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Long Strangle (Buy Strangle) Vs Covered Strangle Options Trading Strategy Comparison

Compare Long Strangle (Buy Strangle) and Covered Strangle options trading strategies. Find similarities and differences between Long Strangle (Buy Strangle) and Covered Strangle strategies. Find the best options trading strategy for your trading needs.

Long Strangle (Buy Strangle) Vs Covered Strangle

  Long Strangle (Buy Strangle) Covered Strangle
Long Strangle (Buy Strangle) Logo Covered Strangle Logo
About Strategy The Long Strangle (or Buy Strangle or Option Strangle) is a neutral strategy wherein Slightly OTM Put Options and Slightly OTM Call are bought simultaneously with same underlying asset and expiry date. This strategy can be used when the trader expects that the underlying stock will experience significant volatility in the near term. It is a limited risk and unlimited reward strategy. The maximum loss is the net premium paid while maximum profit is achieved when the underlying moves either significantly upwards or downwards at expiration. The usual Long Strangle Strategy looks like as below for NIFTY current index value at 10400 (NIFTY Spot Price): Options Strangle Orders OrdersNIFTY Strike Price Buy 1 Slightly OTM PutN... Read More The covered strangle option strategy is a bullish strategy. The strategy is created by owning or buying a stock and selling an OTM Call and OTM Put. It is called covered strangle because the upside risk of the strangle is covered or minimized. The strategy is perfect to use when you are prepared to sell the holding or bought shares at a higher price if the market moves up but would also is ready to buy more shares if the market moves downwards. The profit and in this strategy is unlimited while the risk is only on the downside.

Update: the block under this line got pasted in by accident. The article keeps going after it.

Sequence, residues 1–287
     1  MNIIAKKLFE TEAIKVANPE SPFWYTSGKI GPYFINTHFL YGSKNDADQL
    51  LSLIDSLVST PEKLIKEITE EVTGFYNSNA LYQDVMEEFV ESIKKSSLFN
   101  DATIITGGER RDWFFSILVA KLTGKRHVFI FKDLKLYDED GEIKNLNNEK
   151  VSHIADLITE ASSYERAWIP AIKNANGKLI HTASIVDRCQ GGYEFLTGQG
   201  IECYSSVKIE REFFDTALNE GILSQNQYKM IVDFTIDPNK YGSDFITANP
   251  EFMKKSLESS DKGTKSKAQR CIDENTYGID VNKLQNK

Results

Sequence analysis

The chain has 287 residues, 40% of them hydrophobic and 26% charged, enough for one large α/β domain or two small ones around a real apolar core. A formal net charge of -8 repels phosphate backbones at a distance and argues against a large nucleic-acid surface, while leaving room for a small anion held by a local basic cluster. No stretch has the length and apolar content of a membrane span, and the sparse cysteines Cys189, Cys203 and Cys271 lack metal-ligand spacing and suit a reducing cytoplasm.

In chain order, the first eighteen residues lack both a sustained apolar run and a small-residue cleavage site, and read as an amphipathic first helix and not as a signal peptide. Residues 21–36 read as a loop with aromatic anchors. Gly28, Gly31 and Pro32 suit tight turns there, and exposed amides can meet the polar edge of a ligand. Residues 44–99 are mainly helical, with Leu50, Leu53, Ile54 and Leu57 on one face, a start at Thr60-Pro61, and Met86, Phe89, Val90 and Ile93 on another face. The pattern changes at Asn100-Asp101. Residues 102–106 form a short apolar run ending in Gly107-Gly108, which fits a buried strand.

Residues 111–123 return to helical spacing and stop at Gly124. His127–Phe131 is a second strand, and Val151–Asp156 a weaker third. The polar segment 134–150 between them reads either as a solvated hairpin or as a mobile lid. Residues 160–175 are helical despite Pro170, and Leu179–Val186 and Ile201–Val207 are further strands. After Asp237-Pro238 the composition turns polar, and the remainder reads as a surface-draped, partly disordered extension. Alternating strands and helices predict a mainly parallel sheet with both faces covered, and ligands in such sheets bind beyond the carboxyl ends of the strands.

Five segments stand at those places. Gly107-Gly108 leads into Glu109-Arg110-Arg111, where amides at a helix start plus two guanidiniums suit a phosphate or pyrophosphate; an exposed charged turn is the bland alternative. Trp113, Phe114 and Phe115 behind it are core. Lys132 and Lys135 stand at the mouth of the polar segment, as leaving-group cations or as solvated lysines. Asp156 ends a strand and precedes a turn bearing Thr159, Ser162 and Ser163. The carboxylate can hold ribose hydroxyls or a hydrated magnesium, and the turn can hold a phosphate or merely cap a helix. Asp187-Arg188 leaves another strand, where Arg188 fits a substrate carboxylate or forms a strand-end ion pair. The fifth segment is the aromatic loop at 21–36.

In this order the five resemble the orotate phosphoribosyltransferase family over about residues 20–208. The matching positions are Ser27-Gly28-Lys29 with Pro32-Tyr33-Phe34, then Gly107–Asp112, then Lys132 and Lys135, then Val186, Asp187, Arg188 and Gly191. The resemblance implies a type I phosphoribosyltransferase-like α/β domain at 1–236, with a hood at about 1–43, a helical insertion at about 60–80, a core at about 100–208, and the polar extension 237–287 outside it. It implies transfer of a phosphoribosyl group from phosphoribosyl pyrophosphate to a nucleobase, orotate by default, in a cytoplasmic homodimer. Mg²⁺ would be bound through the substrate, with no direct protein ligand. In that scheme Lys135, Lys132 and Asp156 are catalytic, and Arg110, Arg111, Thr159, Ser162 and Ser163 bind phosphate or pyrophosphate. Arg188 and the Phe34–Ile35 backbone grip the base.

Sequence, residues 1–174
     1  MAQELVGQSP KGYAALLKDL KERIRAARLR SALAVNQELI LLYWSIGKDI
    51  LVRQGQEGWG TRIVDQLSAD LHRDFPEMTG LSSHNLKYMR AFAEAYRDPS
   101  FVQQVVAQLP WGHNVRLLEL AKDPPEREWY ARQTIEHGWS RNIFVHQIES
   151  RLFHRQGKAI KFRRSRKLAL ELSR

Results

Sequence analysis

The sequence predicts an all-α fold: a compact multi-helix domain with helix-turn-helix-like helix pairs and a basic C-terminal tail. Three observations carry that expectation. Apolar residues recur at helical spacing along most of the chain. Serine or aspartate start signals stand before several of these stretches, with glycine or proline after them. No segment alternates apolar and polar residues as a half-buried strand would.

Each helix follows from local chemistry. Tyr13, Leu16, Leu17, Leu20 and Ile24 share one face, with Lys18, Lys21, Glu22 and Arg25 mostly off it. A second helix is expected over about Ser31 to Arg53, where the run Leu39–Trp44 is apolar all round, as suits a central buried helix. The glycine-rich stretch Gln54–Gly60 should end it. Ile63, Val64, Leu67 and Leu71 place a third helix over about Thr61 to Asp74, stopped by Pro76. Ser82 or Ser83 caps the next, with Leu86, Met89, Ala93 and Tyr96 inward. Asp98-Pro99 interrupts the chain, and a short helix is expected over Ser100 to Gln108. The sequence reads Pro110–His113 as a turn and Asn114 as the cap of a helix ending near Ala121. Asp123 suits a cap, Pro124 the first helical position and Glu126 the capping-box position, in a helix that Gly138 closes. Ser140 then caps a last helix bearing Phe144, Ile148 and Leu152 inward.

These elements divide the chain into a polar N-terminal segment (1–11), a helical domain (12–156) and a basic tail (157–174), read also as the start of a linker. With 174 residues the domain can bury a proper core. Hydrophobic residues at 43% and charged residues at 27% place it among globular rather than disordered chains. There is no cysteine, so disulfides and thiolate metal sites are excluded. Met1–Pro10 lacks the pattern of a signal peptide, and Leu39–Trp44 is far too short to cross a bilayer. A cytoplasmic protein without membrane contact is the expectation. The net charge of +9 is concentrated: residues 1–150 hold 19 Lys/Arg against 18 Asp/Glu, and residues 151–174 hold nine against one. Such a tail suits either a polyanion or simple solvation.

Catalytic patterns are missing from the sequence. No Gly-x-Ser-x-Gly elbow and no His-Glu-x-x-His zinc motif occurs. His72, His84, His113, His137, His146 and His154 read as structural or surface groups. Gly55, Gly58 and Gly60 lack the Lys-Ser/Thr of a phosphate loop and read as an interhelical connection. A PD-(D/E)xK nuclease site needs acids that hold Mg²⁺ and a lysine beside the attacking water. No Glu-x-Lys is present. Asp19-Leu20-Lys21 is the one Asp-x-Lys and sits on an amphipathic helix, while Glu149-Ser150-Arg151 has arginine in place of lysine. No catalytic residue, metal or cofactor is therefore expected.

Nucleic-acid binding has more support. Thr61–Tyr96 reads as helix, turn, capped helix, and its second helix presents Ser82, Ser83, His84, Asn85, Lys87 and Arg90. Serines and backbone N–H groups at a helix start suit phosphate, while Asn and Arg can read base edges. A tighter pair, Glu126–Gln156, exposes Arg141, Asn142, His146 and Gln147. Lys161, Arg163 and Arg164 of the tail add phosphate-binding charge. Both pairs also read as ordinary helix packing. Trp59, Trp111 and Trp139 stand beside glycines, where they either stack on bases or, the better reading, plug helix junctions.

Market View Neutral Bullish
Strategy Level Beginners Advance
Options Type Call + Put Call + Put + Underlying
Number of Positions 2 3
Risk Profile Limited Limited
Reward Profile Unlimited Limited
Breakeven Point two break-even points two break-even points

When and how to use Long Strangle (Buy Strangle) and Covered Strangle?

  Long Strangle (Buy Strangle) Covered Strangle
When to use?

A Long Strangle is meant for special scenarios where you foresee a lot of volatility in the market due to election results, budget, policy change, annual result announcements etc.

A covered strangle strategy can be used when you are bullish on the market but also want to cover any downside risk. You are prepared to sell the shares on profit but are also willing to buy more shares in case the prices fall.

Market View Neutral

When you are unsure of the direction of the underlying but expecting high volatility in it.

Bullish

The Strategy is perfect to apply when you're bullish on the market and expecting less volatility in the market.

Action
  • Buy OTM Call Option
  • Buy OTM Put Option